November 28, 2012 / 3:31 AM / 7 years ago

Monster Beverage shares surge after FDA comments

Two cans of Monster energy drink are shown in this photo illustration in Los Angeles October 23, 2012. REUTERS/Sam Mircovich

(Reuters) - Shares in energy drink maker Monster Beverage Corp (MNST.O) soared more than 13 percent on Tuesday on comments by the U.S. Food and Drug Administration that did not suggest any immediate action against makers of the caffeinated drinks, although the regulator will consider adding warnings and more information on the drink labels.

The FDA said it would consider asking for disclosures on the amount of caffeine in food products, limitations on their use and warnings about possible side effects after it completes a previously announced safety review of adverse events related to energy drinks. (FDA letter:

“Although these products have the potential to raise safety or regulatory issues, there is a long history of safe use of other caffeine containing products in the United States,” FDA senior advisor Michele Mital said in the letter.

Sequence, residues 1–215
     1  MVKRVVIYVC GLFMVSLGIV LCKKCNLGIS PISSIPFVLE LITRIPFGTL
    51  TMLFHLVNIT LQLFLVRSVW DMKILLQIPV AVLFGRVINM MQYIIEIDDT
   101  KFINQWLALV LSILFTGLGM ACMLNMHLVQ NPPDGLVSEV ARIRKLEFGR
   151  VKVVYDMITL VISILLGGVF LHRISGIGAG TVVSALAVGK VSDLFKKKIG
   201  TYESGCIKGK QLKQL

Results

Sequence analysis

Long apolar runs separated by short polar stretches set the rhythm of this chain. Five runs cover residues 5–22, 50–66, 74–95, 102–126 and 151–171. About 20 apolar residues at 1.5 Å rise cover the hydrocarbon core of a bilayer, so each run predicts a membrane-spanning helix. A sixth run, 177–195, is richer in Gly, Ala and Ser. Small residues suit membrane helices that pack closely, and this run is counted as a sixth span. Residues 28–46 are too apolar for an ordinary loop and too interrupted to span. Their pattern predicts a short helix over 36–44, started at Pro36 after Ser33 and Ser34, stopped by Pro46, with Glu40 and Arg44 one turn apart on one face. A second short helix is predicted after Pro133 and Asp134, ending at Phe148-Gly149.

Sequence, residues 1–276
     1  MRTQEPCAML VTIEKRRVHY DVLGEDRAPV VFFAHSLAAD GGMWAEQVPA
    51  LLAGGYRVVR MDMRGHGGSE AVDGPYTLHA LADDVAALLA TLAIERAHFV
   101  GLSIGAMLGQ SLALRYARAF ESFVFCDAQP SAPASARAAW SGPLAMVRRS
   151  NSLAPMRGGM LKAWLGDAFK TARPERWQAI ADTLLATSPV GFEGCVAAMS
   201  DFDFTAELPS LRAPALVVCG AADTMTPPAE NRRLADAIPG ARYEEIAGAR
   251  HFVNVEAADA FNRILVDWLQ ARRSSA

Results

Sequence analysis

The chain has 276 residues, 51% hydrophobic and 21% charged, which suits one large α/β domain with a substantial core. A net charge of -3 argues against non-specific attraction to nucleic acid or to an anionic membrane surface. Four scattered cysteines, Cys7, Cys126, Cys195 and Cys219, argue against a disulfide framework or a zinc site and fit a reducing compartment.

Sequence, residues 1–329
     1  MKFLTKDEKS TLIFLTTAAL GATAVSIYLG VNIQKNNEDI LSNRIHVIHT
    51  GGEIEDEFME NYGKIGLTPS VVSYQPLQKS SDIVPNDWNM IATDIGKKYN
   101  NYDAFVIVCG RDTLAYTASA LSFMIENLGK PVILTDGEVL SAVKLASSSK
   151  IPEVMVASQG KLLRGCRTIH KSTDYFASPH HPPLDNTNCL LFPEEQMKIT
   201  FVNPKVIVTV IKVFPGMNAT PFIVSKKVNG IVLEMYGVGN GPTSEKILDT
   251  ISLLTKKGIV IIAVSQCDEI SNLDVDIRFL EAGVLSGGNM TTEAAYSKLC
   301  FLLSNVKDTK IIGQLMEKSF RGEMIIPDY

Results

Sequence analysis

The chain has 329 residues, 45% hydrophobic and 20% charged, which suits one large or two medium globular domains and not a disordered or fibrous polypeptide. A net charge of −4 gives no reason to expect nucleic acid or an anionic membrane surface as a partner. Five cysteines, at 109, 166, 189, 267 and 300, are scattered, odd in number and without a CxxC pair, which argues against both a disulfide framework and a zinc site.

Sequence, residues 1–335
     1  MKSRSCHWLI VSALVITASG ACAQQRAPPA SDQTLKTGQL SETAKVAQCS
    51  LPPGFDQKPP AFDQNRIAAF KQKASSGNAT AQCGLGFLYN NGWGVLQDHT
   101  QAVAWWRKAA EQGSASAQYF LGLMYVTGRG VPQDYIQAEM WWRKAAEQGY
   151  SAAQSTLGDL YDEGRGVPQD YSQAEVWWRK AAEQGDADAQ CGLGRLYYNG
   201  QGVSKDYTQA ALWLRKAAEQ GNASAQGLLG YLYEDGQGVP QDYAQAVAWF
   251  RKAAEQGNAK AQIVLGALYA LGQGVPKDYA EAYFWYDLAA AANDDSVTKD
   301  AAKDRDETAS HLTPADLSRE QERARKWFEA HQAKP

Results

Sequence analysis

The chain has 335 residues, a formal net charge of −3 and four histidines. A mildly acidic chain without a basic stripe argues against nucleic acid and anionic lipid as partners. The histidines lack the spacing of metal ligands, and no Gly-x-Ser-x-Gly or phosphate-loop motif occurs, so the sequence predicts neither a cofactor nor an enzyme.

The FDA comments were in response to concerns raised by Democratic Senators Richard Blumenthal of Connecticut and Dick Durbin of Illinois.

Monster Beverage was sued last month by parents of a teenager who died after consuming two cans of the company’s beverage.

In late October, the FDA said it was investigating reports of five deaths that could be associated with Monster Beverage’s energy drink. The FDA also said on November 14 that another caffeine drink, 5-Hour Energy made by Living Essentials LLC, could have been involved in 13 deaths that have occurred over the last four years.

Monster Beverages shares fell more than 30 percent in the last month as investors expressed concern over potential legal and regulatory fallout before surging on Tuesday to close up 13 percent at $51.97 on the Nasdaq.

In its letter, the FDA added that it was looking at whether products safe for most individuals could pose risks arising from toxic effects for young people and those with pre-existing health issues, such as heart conditions.

The senators replied to the agency’s statement, saying that the “FDA can and should take action now to regulate energy drinks that are marketed as beverages.”

Reporting by Vrinda Manocha in Bangalore; Editing by Lisa Shumaker

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